Catholic Relief Services, the official charitable arm of the U.S. bishops, is expressing strong opposition to the Trump administration’s decision to withdraw from the 2015 Paris Climate Accord.

“With the planet warming at an alarming rate and the poorest of the poor left to withstand the consequences, there will undoubtedly be more global instability, forced migration and conflict,” said Bill O’Keefe, CRS’ executive vice president of Mission, Mobilization and Advocacy.

“It is not too late to take meaningful steps to care for creation and mitigate some of the worst impacts of climate change, which is why we hope our government reconsiders this misguided decision.”

On Monday, the United States gave its formal notification of its intent to exit the Paris Climate Accord.

The Dec. 2015 agreement, which 188 nations signed following the United Nations Climate Change Conference, came into force during Nov. 2016.

The coalition of nations agreed to attempt to limit the rise of global temperatures to 1.5 degrees Celsius above pre-industrial levels by the end of the century.

Pope Francis hailed the agreement as “historic” and said that it would require “a concerted and generous commitment” from members of the international community. Since then, officials of the Holy See have reiterated its view that climate change is a moral issue and has an effect on human dignity.

At a UN climate change summit in Poland in Dec. 2018, Vatican Secretary of State Cardinal Pietro Parolin urged the implementation of the Paris Climate Accord by “easing the impact of climate change through responsible mitigation and adaptation measures.”

“The scientific data at our disposal clearly show the urgent need for swift action, within a context of ethics, equity and social justice,” Parolin said.

Some 60 dioceses in the United States have so far pledged to continue to support action to mitigate climate change, along with close to 200 religious communities, more than 100 parishes, and other Catholic groups in an agreement affirming the goals of the Paris Climate Accord.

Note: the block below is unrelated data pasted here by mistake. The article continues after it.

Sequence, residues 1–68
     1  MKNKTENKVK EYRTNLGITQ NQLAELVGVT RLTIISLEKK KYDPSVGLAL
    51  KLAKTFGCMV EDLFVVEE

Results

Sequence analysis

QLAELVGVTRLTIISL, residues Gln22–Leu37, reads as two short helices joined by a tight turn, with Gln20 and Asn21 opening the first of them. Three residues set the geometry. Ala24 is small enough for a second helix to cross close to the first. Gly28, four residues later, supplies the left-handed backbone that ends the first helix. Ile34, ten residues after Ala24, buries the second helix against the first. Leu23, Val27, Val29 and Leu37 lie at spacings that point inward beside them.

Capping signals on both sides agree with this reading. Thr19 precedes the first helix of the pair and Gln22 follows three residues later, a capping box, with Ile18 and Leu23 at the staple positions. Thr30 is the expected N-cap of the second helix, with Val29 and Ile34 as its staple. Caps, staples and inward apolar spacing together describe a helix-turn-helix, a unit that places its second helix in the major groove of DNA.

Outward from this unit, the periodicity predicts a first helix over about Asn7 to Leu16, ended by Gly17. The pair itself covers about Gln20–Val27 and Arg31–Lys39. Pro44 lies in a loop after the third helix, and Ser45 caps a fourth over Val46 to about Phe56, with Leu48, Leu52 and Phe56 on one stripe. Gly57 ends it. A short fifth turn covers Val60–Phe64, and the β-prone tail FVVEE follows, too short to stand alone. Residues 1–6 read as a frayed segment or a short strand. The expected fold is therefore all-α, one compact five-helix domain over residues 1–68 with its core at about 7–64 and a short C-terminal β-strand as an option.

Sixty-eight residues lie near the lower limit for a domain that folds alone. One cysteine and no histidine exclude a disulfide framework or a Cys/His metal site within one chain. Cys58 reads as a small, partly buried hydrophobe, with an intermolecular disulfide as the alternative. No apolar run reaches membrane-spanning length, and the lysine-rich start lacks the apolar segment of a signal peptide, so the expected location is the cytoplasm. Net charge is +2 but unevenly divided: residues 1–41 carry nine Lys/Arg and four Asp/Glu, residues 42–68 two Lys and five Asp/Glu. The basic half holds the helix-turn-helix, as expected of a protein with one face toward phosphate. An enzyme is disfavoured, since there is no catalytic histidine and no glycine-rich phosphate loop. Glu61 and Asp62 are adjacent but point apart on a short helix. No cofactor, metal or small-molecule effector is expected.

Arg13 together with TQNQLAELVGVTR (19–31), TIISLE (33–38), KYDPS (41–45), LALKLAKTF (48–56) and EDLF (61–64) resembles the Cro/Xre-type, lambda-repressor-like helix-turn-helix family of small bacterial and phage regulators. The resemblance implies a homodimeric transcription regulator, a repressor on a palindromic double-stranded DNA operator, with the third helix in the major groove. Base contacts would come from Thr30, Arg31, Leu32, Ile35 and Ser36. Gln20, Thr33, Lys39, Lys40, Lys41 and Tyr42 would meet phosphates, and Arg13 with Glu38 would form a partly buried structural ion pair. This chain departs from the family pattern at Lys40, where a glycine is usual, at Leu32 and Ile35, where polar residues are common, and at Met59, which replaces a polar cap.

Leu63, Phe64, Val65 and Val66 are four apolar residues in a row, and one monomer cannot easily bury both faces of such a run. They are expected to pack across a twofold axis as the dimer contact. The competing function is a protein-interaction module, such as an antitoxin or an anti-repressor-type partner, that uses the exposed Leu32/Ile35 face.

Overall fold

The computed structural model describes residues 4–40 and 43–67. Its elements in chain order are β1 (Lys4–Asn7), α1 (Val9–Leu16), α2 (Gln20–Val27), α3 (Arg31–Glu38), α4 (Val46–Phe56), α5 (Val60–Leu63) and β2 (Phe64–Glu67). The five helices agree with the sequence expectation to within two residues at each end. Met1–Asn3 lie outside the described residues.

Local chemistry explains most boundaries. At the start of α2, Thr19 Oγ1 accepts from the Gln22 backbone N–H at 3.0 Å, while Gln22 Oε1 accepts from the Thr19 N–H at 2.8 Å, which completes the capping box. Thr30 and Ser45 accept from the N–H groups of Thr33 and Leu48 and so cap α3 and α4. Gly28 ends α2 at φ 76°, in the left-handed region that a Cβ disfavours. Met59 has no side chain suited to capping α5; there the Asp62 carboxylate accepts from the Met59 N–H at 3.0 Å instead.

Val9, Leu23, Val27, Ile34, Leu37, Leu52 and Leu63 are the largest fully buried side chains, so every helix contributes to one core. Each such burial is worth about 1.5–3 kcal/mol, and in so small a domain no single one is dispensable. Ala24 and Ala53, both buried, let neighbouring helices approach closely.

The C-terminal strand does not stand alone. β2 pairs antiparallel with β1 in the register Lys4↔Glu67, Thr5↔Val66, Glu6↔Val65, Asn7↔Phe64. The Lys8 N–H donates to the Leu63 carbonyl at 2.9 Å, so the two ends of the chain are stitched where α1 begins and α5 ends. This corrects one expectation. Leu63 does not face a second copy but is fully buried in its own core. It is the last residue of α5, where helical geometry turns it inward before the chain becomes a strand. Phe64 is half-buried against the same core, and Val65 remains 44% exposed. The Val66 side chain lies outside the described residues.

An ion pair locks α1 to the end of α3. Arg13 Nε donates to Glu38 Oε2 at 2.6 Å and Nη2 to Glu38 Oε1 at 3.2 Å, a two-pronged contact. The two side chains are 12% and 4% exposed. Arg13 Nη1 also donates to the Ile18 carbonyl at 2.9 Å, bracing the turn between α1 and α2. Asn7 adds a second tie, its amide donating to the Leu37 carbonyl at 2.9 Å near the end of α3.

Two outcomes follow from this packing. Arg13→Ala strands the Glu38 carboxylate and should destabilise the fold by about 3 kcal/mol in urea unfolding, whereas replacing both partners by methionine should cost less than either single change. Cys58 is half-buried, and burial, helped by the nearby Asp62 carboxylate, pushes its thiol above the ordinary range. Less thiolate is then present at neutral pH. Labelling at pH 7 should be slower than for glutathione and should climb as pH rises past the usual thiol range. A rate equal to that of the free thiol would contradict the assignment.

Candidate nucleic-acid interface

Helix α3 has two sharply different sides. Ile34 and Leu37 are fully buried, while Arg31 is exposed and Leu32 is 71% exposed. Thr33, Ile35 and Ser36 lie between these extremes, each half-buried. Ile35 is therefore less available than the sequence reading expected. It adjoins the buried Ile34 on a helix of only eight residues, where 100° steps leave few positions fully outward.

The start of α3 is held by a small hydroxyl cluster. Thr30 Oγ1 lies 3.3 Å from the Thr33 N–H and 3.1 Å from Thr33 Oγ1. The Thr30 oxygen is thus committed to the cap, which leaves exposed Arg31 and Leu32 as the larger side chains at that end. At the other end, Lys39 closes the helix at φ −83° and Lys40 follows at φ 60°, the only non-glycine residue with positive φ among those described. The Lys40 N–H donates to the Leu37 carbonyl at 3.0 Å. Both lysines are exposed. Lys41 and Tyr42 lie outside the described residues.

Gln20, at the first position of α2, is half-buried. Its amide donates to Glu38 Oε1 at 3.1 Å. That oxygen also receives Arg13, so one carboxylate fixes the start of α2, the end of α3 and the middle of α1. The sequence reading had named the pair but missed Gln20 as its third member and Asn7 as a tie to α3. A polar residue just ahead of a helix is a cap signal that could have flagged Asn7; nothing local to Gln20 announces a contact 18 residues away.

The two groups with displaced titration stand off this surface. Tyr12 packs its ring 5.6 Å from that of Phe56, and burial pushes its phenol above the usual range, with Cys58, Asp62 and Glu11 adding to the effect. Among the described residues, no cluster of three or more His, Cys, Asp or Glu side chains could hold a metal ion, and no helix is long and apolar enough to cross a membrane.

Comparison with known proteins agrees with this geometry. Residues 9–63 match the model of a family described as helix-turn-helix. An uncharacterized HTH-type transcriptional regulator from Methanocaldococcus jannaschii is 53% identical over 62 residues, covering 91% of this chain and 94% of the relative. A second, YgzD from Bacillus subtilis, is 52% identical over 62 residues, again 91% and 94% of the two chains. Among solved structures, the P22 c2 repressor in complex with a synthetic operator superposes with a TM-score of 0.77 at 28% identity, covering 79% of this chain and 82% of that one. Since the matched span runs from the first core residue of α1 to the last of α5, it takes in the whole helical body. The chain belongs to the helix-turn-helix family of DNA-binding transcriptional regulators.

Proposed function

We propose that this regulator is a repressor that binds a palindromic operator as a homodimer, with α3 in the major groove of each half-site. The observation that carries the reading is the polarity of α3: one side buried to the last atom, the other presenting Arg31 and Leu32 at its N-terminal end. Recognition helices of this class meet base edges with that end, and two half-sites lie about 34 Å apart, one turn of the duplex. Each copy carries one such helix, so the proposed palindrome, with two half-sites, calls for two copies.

President Donald Trump had announced his intention to withdraw the United States from the agreement after he took office in 2017, citing economic downsides to the plan’s implementation.

The United States is the world’s second largest emitter of greenhouse gases, after China. Trump has previously said that the agreement put “no meaningful obligations on the world’s leading polluters” like China.

Secretary of State Mike Pompeo issued a formal notification to the United Nations of its intention to withdraw on the first possible day to do so, the BBC reports. UN rules meant it was not possible for the U.S. to start the withdrawal process until Nov. 4, 2019.

The withdrawal will take effect on Nov. 4, 2020, one day after the 2020 presidential election.

According to the BBC, the Paris Climate Accord included efforts to limit the amount of greenhouse gases emitted by human activity to the same levels that trees, soil and oceans can absorb naturally, beginning at some point between 2050 and 2100, as well as a review of each country's contribution to cutting emissions every five years.

Pompeo said the U.S. would instead follow “a realistic and pragmatic model,” using “all energy sources and technologies cleanly and efficiently.”

CRS said in a Nov. 4 statement that the Paris Climate Accord signifies international recognition that climate change is especially threatening “the most vulnerable who contributed the least to it,” and asserted that the agreement would “secure the cooperation, action and resources needed to address the problem.”

The agency also quoted Pope Francis’ 2015 encyclical Laudato Si on the environment: “Faced with a climate emergency, we must take action accordingly, in order to avoid perpetrating a brutal act of injustice towards the poor and future generations.”

CRS noted that in Bangladesh, rising sea levels are encroaching on water tables and coastal homes. In Central America, CRS said in 2017, coffee farmers are losing their crops due to more frequent drought and because warmer temperatures help pests thrive.

According to data from the National Oceanic and Atmospheric Administration (NOAA), the years 2015, 2016, 2017, and 2018 are the four warmest years in recorded history, with 2019 projected to be in the top three.

The next UN climate summit will begin in Madrid in December.